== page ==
Author: Jane McClure

Short short version: The Policy Advisory Committee [which makes all the decisions] voted to move forward six options for routes for the Riverview transit line. They are bur rapid transit or streetcars either to or not to the Ford Site and either on or not on the CP Spur. Article quotes CM Noecker voting against the proposal because she wanted to eliminate the CP Spur from the assembled choices. [Shrug. I reached out to CM Noecker on this and she told me it hurts ridership because it’s farther away from big parts of the West End neighborhood, which is true. Also that the County still has not purchased the land, which is also true. I think that the County should and will purchase the land either way, but they are likely waiting to see if the cost can be embedded as part of the budget for this project. I have heard that the money for purchasing the land is not a problem, and that the railroad is a willing seller, but it’s more about logistics at this point.] Neighbors are concerned about traffic and parking. Quote from guy on the committee who runs an Italian restaurant: “I can’t vote for modern streetcars until all of the questions are answered.” [I wonder what the questions are.]

Headline: St. Paul warns of big property tax hike in ’18; With reduced assessments for street maintenance, city portion of tax bill may jump 24%
Author: Jane McClure

Short short version: The city is no longer assessing property owners, including non-profits, for street maintenance and so taxes will have to go up. [Street maintenance is really expensive, folks!] There was a meeting and the mayor was there. Quote from a woman in Highland: “we’re sick of subsidizing the rest of the city.” Article includes lots of numbers about housing values and tax bills. Article includes references to Randy Kelly, who started the fee in the first place. Best part of the article is the end: “Coleman asked the audience if anyone had any other ideas… When one person suggested installing more parking meters, Coleman recalled his unsuccessful attempt to place parking meters on Grand Avenue two years ago. ‘I leaned into the pitch, and it hit me in the head,’ he said.” [It’s depressing to me that the Mayor / whoever else at City Hall has seemingly given up on this obvious solution to generating revenue while simultaneously adopting incentives that support important policy goals. Parking policy is one of the easiest, simplest, most effective tools in the city’s toolbox, and apparently because of one flubbed proposal and subsequent bad meeting, it’s off the table for … how long? The next mayor will probably balk too, thanks to this narrative. That’s a big mistake for Saint Paul, which needs all of its effective tools if it’s going to thrive in the 21st century.]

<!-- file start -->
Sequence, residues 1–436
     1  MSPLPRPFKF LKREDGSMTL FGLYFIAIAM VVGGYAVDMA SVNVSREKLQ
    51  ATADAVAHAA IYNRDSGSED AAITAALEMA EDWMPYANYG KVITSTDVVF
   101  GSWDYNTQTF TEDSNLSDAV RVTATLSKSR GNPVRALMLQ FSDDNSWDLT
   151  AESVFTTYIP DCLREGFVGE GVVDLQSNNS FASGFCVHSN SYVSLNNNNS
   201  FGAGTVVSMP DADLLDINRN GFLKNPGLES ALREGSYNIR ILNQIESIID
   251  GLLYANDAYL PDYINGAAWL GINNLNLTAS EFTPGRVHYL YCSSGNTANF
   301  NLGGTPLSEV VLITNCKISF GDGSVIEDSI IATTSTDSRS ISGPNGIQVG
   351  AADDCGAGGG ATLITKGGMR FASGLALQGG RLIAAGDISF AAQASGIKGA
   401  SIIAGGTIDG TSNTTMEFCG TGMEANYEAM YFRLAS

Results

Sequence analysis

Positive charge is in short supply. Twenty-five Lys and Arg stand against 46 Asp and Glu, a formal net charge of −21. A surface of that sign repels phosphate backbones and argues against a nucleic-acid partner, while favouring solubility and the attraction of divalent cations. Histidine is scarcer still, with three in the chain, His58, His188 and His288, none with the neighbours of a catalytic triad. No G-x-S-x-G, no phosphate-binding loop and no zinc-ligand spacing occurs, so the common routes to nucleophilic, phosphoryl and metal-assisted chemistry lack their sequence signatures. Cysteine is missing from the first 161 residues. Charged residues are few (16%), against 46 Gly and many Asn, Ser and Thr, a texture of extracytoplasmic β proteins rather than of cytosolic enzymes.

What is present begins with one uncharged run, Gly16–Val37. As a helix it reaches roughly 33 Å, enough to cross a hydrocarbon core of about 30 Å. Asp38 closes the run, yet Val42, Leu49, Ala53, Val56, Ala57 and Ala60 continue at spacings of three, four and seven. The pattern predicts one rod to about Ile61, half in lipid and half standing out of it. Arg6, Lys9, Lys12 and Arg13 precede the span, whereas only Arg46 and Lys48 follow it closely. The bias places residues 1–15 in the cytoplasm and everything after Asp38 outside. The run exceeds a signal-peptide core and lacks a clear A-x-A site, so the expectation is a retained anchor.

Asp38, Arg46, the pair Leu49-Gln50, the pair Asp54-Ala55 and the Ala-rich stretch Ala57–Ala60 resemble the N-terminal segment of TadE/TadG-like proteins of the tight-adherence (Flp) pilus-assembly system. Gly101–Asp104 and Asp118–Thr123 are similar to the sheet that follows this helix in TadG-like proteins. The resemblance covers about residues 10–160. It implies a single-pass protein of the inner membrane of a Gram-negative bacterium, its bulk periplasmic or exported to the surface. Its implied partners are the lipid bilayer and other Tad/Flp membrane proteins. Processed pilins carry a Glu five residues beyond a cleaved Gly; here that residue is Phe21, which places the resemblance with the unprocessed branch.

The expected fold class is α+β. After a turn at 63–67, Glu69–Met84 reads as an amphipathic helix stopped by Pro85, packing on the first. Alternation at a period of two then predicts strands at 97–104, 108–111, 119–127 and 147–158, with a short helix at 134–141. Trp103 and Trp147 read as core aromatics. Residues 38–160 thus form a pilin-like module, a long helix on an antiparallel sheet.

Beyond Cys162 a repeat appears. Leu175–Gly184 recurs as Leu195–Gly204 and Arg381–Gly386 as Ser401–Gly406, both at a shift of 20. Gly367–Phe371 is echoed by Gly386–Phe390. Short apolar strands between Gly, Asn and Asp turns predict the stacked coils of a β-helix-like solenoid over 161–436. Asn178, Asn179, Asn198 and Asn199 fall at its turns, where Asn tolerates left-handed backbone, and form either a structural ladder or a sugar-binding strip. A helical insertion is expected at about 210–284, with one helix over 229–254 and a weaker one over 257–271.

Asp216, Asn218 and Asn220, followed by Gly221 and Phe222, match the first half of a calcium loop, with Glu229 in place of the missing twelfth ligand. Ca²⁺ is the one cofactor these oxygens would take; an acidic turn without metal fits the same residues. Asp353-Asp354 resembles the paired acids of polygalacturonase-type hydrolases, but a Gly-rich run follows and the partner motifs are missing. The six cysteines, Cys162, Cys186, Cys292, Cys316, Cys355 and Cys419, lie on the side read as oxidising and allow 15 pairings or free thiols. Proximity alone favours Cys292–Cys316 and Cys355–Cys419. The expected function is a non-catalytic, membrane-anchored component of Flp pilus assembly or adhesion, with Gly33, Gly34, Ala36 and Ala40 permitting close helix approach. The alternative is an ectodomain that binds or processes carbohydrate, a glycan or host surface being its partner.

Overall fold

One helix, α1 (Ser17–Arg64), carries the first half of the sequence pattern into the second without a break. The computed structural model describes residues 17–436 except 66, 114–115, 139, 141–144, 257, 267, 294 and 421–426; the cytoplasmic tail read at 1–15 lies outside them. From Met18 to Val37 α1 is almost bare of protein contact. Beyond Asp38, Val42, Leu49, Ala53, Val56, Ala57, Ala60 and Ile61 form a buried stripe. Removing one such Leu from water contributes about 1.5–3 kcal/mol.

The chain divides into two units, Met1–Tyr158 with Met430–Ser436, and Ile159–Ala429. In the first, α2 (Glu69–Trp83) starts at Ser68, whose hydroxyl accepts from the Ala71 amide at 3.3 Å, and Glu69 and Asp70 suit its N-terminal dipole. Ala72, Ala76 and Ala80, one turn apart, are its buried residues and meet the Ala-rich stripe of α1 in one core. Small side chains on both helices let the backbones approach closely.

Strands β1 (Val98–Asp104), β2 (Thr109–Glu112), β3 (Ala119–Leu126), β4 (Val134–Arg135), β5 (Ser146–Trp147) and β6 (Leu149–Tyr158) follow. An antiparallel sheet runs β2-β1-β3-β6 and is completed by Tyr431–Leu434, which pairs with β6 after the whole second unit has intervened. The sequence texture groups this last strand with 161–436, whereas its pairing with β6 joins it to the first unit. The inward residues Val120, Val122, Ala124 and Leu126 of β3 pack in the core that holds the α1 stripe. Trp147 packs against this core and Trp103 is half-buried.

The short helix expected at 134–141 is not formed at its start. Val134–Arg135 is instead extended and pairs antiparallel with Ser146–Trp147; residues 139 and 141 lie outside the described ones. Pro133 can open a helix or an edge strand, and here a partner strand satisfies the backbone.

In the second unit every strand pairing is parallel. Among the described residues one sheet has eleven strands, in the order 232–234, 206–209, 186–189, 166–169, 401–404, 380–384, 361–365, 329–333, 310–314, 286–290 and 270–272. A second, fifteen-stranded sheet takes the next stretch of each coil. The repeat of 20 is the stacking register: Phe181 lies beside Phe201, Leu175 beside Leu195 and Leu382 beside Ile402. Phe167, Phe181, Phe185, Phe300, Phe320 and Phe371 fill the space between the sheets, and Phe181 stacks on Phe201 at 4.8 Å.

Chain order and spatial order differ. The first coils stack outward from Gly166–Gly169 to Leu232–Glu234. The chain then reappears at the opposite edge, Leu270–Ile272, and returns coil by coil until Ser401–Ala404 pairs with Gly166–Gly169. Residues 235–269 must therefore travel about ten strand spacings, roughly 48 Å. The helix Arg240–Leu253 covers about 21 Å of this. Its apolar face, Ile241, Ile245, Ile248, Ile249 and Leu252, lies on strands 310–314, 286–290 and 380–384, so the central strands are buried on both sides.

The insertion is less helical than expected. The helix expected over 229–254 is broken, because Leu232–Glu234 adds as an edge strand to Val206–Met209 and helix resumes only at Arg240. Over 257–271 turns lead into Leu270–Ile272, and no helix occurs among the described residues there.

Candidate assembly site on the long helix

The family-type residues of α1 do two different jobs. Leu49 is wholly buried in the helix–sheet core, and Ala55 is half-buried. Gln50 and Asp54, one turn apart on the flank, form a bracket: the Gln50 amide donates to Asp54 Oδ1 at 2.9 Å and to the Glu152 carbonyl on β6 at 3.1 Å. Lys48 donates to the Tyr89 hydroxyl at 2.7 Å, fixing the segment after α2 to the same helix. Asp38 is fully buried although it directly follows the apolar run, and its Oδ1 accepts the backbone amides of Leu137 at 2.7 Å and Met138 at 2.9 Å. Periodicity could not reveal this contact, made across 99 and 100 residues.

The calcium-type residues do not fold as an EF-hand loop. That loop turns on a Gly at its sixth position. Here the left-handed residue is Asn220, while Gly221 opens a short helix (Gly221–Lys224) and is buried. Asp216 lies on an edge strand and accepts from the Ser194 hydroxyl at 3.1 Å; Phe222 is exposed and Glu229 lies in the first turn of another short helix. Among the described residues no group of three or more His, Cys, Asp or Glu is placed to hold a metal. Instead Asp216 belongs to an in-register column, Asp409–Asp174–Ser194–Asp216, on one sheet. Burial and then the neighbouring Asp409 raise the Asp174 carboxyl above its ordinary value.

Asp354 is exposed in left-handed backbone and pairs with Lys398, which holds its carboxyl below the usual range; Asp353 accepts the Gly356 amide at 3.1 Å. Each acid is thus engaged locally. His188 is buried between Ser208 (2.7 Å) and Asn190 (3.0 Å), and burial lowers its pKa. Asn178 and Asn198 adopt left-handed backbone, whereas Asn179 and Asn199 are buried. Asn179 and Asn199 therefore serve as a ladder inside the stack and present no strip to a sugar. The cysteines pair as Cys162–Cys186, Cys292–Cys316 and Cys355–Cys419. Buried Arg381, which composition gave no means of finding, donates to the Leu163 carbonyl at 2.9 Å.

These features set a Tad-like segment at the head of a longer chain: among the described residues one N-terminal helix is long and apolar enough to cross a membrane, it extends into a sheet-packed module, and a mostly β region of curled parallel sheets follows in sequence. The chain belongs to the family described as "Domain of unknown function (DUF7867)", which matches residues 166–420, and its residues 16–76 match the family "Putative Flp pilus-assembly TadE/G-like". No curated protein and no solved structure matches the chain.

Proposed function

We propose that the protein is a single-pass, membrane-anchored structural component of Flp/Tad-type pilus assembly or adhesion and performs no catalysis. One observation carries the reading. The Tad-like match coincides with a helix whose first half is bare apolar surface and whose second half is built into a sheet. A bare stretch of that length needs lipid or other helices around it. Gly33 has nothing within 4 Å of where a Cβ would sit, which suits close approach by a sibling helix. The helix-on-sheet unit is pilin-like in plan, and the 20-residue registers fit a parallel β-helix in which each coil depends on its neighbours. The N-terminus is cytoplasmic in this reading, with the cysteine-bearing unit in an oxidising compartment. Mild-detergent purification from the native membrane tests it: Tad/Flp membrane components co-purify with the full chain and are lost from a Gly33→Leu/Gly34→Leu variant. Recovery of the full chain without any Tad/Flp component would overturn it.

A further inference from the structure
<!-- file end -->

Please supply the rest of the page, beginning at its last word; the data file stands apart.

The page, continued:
Headline: City may ask nonprofits to pitch in with payments
Author: Jane McClure

Short short version: A task force is going to figure out ways that the city can beg non-profits for money. Article quotes the guy in charge of brainstorming this: “Cities that use PILOT programs don’t get a lot of money.” [Sounds like a great plan, then!] Another quote from a guy on the task force: “there’s voluntary and there’s voluntary.” There is some debate about whether the city has 1/3 of its land in non-profit parcels or only 5% of its land in non—profit parcels. Quote is this: According to Todd Hurley, director of the city’s Office of Financial Services… STP has 80,244 taxable parcels and 96.2% pay property taxes... Taxable properties have a valuation of $21.6 billion and tax-exempt properties have a valuation of $6.9 billion, or 24.1%.” [Well that sorts it out, yes? No. One issue might be the parking lot problem that I mention. Also, sometimes a large institution probably counts as only one “parcel”, I am guessing. Still, it’s good to see numbers on this.] Another quote: “of the 50 highest-valued properties in St. Paul, 38 pay no property taxes.” [I am skeptical about this program and wish there was a way to actually assess for street costs.]

Headline: Work on Highway 110 slightly behind schedule
Author: Kevin Driscoll